2. Shape your physique.
Taking the concept of progressive overload, it’s necessary to shape your physique and build an efficient metabolism. If you want true body change, you’re going to have to push yourself to some extent.
Now this isn’t to say live a stringent training lifestyle with tilapia and asparagus on the side, but make your workouts more efficient by doing these things:
3. Build your mental resilience.
Strength training is a beautiful metaphor for life: it’s not always smooth sailing.
There will be times you can’t get as many pull-ups as you’d like.
There will be times you can’t catch your power clean.
There will be times you won’t be able to deadlift 2x your bodyweight.
There will be times you’ll have to tip-toe away from the complex lifts and return to the basics. Literally.
Alas, as many times as you fall down, you learn how to pick yourself up, pivot, and take a new, empowered direction.
Failure is natural in the world of weight lifting. And the more you realize it’s ephemeral, the more you’re able to endure it the next time it slaps you across the face. In fact, you’ll be able to laugh at failure and say, “hit me with your best shot.”
4. Teach you how to stick with a consistent program.
Gone are the days of “muscle confusion” and “switching it up.”
Staying on a consistent program that progresses the main lifts will bode well for your strength as well as physique development.
The body positivity movement, however, will say: “you don’t need to always be on a program and follow strict rules to stay fit.”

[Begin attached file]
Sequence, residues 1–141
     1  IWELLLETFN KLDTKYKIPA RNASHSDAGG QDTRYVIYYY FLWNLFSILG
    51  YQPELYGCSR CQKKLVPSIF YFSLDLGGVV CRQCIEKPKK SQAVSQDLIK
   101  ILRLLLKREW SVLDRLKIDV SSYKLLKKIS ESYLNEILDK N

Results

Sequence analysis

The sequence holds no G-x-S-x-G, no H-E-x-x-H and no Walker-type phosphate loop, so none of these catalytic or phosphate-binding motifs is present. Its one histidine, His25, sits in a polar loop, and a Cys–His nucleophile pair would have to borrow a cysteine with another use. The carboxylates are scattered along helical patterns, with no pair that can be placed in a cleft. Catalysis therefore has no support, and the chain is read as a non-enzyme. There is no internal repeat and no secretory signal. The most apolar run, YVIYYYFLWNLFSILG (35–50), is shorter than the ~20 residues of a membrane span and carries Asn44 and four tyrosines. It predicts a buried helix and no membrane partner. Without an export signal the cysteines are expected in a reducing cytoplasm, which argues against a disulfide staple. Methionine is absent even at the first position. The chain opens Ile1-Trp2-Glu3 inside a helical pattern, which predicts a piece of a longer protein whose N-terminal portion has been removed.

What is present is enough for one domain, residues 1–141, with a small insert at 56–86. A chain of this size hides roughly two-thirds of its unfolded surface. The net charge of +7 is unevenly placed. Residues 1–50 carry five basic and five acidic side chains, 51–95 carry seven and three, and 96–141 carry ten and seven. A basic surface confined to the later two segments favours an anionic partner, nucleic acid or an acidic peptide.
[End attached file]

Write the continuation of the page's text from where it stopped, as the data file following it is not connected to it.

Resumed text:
Yo. I call bs.
You do need a program so you can track your load, progress accordingly, de-load safely, then be prepared to enter full-on beast mode:
Additionally, being meticulous with your programming teaches you how to stay on track and disciplined. And last I looked, this carries over in academics, career and creative pursuits. The more you can focus in on the day-to-day habits, the more you’ll see something magical come into fruition.
Get. With. The. Program.
5. Make you fall in love with movement.
Strength training is movement training. And for those of you who plop on the couch at the end of your work day, or Netflix and chill on the weekends, you’re missing out on a whole lot of movement.
Not only is strength training challenging movement, it’s empowering movement.
Once you start to see physical and mental results from the weight room, you’re going to have an itch to move and become less sedentary. I promise.
6. Improve enjoyment of your hobbies.
Do you like to run marathons? Do you enjoy biking recreationally? Do you want to dominate your co-ed basketball league? Do you want to snowboard 8-hour days without wiping out?
Strength training has not only improved my soccer performance, but it has enhanced my ability to enjoy hobbies outside of my sport.